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New York City transit needs a $12 billion bailout—or the entire U.S. economic recovery may suffer

David Z. Morris

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The Metropolitan Transit Authority, which runs New York City’s subways, buses, and commuter rail lines, needs a $12 billion cash infusion to offset losses due to the coronavirus. If the federal government doesn’t approve aid, MTA CEO Patrick Foye says massive cuts to staffing and service could be implemented as soon as November.

“There will be a deterioration in service in New York City as we saw in the ’70s and ’80s,” Foye told reporters Thursday morning. “We don’t want to go back to that.”

Foye also argued that because New York City is such an economic powerhouse, a weakened transit system there would slow the entire country’s economic recovery.

“There will be fewer people employed in New York City, and the region, and the nation, if the MTA doesn’t get funding,” he told reporters. “The economic recovery will be stunted and thwarted if that doesn’t happen…the economy will be depressed.”

New York City was an early epicenter of the coronavirus pandemic. The MTA reported ridership (and fare revenue) on trains, buses, and subways plummeted as much as 92% in March. Foye says ridership remains down 72% for subways compared to last year and 50% for buses, while increased cleaning protocols have driven costs up. The agency now reports it is losing $200 million weekly and faces a $16 billion deficit through 2024. (After reaching historic highs in 2015, ridership had already begun declining by as much as 5% annually before the pandemic.)

The first installment of the Federal CARES act provided close to $4 billion in relief funding for the MTA, but a second round of relief funds has been stalled in Congress. Foye told reporters an additional $12 billion from Congress would allow the MTA to avoid cuts for the rest of 2020 as well as 2021, when a coronavirus vaccine is expected to become widely available. Without that aid, he said, decisions about service and staffing cuts would be made by MTA leadership in November.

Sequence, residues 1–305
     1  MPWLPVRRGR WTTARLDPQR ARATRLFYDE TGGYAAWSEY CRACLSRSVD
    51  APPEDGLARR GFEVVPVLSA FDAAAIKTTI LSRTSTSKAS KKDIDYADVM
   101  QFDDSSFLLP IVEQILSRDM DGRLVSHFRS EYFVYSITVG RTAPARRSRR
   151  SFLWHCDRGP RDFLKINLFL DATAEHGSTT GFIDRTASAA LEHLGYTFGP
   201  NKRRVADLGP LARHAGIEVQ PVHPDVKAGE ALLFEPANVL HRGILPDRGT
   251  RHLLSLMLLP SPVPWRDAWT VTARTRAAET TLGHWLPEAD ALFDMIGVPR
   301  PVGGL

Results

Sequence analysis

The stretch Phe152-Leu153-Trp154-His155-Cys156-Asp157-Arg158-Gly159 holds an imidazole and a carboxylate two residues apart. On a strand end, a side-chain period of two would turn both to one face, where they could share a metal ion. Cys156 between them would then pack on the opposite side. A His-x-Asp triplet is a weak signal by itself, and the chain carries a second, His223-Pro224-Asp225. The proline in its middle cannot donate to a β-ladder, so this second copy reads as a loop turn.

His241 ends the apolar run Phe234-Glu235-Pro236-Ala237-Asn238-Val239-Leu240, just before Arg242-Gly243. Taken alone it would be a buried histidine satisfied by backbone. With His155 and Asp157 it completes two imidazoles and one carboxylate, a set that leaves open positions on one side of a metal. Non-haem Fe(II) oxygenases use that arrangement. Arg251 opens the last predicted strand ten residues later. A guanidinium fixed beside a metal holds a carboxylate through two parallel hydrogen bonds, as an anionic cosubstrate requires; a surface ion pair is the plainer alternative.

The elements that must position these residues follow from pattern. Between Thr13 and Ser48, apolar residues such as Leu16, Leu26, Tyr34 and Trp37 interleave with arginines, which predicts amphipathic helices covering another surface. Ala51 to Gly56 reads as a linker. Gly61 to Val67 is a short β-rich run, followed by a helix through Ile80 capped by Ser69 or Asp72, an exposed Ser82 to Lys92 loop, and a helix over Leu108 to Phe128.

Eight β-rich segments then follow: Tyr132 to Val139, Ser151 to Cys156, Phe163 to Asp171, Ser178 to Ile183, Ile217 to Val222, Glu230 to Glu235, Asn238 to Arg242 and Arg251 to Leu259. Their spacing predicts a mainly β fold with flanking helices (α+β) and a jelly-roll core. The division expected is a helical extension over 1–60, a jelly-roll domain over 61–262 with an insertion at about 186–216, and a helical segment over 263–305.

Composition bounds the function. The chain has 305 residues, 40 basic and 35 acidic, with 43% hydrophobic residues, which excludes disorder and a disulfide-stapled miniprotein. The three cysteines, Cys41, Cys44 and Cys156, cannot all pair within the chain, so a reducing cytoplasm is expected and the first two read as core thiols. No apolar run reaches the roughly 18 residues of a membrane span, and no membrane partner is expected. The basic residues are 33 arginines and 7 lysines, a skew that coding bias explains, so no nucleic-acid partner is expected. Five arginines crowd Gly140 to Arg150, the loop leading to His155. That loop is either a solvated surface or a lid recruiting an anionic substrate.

The potential cuts are shocking. Foye said they would include a reduction of as much as 40% in passenger service within the city, and a 50% decrease in service on commuter rail lines, which connect the city to outlying areas where many city workers live. Those reductions would mean much longer wait times and more crowded buses and subways.

Also on the chopping block would be 8,400 jobs across the MTA system and further delays of long-planned upgrades to the system. Foye said fare increases could also be part of the necessary restructuring.

New York has maintained aggressive restrictions on indoor dining and other businesses that can contribute to coronavirus transmission. That has helped the city contain the pandemic in recent months better than most of the U.S., but not without a serious toll: Unemployment in New York City is currently 19.8%, nearly twice the nationwide rate.

Reduced MTA service could make recovery much more difficult. New Yorkers overwhelmingly rely on public transit to access jobs; only 45.4 % of households in the city own a car, dropping to 24.4% in Manhattan. That’s compared to nearly two cars per household on average nationwide. Reliance on transit rather than cars bolsters the city’s economic vibrancy by increasing density and, in turn, labor and capital productivity.

That’s why the MTA’s health is not merely a local issue: The New York City region generates 8% of total U.S. GDP. According to an analysis by SUNY’s Rockefeller Institute of Government, New York’s massive economy means the state sends $116 billion more in tax revenues to the federal government than residents receive in benefits and services, though Gov. Andrew Cuomo’s framing of New York as a “donor state” has been disputed.

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This story was originally featured on Fortune.com